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David Levering Lewis : Paul Lawrence Dunbar

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David Levering Lewis Paul Lawrence Dunbar had the benefit of a parent who had escaped from slavery on the Underground Railroad, gone to Canada, then returned to the United States and donned the Union uniform and fought in the Civil War and a mother who, though not particularly well educated prized education. And that background of militancy and learning certainly --he took those things in with his mother's milk, as it were. I think his mother was a much greater influence upon him than his father, however. But, in any case, he shares that ambition to succeed through talent that is so characteristic of at least one tier of the African American community. And, of course, it helps that he's a genius. It's no easier for him, but, on the other hand, it's more certain that he's going to try. And so he does quite spectacularly. He is part of that Washington community, for example, we were talking about. He has a position at the Library of Congress, a plum of a job for those times at that place. His wife doesn't quite like the position for some reason. He gives it up and tries to make his living as a poet, which must have been quite an insane risk for a black man in 1900 with very little behind him except the recognition of William Dean Howells by that time, that he could actually make a living as a poet. But he doesn't do such a bad job.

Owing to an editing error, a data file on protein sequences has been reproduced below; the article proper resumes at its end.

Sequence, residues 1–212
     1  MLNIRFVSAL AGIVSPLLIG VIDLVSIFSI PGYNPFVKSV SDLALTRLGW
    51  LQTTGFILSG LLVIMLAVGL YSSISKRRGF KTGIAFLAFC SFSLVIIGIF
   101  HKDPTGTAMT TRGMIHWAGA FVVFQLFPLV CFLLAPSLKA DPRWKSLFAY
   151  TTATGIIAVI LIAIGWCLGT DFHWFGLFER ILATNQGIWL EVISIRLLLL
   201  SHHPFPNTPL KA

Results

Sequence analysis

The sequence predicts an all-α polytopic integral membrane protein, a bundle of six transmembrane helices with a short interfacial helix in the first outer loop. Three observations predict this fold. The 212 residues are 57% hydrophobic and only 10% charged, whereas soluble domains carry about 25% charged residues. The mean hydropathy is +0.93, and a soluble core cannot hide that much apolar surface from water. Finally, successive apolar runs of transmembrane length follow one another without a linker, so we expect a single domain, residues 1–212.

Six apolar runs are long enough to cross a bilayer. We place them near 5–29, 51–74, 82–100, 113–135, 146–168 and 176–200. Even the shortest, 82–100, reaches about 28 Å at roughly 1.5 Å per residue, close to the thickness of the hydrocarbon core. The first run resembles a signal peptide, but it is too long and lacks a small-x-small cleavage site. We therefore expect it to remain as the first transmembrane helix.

He represents the best of what is possible and from what I do know of Dunbar his tragedy isn't that he's a poet in a philistine culture. Poet's don't do well in America. They never have. But it's that Dunbar is being appreciated as the wrong kind of poet. His life is short. He's dead by 1906 and before he dies, he says, "I believe that man," speaking of Howells, "did me no favor at all. He fixed an identity for me,"that he increasingly came to resent. And so in his poetry and in his writings, his novel, the autobiographical novel, The Uncalled, the protagonist is a white protagonist who is to represent him, so that there is a schizophrenia in Dunbar that, curiously enough, Dubois, though I suppose he did not specifically have Dunbar in mind -- at least he says so -- Dubois identifies and underscores in the book three years later in 1902, The Souls of Black Folk, when he talks about the divided self, that desetting division within the soul of the African American, an American negro, two warring bodies and two warring souls in one body. And certainly Dunbar exemplified that kind of polarity

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